Friday, I met Emlia, Han, and Kylie at Exki (a restaurant near Reid Hall that specializes in natural foods and is pretty much our go-to place for gluten-free, vegetarian lunch in Paris!), where we ate carrot-ginger soup, and planned our Spring Break together. Friday afternoon, Kylie and I went down to the 13th to the Josephine Baker Pool, which is situated right on top of the Seine itself. Once a week, we put on one-piece bathing suits and rubber swim caps (both of which are required in French pools!) and brave crowds of splashing children and rather terrifying aggressive lap-swimmers to plunge into the pool and swim laps as barges pull along in the river right beside us. Friday night I spent traversing the Grand Epicerie for figs, onions, and pine nuts, which we then put on top of gluten-free pizza crust, which we then ate on her balcony, overlooking the city. We laughed and ate, watching the Eiffel tower, and a strange, unknown building that turned shades of blue and green as the night wore on.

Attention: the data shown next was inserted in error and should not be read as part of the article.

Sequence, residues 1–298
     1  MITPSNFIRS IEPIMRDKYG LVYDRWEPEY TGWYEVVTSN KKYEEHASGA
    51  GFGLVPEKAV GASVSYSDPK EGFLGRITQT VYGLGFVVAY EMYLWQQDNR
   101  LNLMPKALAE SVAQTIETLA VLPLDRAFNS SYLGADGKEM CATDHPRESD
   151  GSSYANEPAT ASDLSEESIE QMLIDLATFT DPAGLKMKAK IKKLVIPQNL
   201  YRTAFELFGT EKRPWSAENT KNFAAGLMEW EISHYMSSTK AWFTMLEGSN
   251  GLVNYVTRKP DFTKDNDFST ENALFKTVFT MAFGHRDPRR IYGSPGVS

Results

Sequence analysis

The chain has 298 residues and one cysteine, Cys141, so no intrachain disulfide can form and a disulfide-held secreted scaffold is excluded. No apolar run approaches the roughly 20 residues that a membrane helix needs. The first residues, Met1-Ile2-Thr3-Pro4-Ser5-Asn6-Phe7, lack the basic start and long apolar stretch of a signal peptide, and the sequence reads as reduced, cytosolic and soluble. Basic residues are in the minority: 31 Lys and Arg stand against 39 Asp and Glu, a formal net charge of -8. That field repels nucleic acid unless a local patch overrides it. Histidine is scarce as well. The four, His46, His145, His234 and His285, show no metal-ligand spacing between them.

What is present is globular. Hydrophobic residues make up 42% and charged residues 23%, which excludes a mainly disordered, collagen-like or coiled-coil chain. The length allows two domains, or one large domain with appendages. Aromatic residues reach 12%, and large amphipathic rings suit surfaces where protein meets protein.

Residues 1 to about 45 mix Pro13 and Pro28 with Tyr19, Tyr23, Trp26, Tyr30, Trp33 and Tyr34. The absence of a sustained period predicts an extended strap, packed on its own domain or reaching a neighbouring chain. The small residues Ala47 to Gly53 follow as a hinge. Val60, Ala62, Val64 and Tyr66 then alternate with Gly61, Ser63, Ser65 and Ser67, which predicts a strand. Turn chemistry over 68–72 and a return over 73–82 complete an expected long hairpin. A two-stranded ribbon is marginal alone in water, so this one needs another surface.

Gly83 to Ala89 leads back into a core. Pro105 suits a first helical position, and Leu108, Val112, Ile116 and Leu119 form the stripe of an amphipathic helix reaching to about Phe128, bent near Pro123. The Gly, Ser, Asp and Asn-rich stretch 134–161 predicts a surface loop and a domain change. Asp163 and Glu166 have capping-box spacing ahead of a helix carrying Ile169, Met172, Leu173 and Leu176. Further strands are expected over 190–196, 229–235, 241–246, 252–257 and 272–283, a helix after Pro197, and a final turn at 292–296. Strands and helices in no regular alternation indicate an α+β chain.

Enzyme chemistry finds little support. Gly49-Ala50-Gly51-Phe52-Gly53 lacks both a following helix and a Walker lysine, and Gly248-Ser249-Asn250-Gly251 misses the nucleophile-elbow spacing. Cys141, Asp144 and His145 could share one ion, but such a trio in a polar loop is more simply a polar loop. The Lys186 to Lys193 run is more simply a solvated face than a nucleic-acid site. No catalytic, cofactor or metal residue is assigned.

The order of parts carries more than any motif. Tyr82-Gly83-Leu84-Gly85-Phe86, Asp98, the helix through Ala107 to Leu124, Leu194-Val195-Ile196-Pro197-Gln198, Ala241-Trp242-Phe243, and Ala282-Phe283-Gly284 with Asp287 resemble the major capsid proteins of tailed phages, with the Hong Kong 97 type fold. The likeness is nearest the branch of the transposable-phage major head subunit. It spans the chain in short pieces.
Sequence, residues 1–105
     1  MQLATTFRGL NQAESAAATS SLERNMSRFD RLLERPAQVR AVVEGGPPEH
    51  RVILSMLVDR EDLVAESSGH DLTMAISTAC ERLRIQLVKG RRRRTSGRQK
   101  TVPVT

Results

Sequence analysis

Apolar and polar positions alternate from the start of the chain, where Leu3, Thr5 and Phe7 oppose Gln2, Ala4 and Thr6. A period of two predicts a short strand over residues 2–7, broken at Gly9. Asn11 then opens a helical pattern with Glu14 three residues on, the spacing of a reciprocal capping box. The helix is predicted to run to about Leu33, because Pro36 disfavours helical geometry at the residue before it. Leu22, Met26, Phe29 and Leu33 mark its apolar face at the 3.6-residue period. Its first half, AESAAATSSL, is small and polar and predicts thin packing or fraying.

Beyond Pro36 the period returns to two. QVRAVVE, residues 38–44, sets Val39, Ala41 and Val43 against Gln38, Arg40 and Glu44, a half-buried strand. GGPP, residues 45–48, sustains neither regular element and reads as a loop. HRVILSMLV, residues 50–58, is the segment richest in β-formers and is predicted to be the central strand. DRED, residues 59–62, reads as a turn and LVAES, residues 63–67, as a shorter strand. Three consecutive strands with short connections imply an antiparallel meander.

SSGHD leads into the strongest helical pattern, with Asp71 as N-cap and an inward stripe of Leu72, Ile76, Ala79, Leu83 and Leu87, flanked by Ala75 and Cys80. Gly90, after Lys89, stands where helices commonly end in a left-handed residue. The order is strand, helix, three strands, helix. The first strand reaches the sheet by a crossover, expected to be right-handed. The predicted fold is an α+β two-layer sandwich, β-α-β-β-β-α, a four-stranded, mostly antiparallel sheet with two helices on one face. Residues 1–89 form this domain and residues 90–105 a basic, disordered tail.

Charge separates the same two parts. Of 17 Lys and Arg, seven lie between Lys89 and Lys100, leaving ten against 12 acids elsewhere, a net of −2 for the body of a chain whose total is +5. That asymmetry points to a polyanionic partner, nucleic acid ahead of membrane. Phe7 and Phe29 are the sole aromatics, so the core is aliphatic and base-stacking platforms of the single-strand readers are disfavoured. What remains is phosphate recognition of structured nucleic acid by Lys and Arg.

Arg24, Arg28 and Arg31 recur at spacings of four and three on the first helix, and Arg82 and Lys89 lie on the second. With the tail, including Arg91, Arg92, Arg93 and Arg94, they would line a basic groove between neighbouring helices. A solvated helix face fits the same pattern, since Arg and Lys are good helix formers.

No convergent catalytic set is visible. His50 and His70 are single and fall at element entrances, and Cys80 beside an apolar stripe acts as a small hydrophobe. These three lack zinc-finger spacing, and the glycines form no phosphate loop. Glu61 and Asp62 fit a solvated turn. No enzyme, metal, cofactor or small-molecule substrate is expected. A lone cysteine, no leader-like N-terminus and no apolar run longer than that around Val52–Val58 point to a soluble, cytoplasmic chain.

Saturday morning I went to my Atelier d’Écriture, wrote a paragraph on my cultural adaptation in France (the theme this spring is “le voyage,” which is perfect for me!), and, after being pressured into reading it (it was written in French and no doubt riddle in errors), received a round of applause from the women in the group! That afternoon, I explored the Canal St. Martin with Kylie and Emilia, ate Lebanese food by the water and watched boats move through the system of locks along the channel, laughing as we got directionally confused and walked south rather than north. Because even long weeks, I have to remember, most often end in laughter.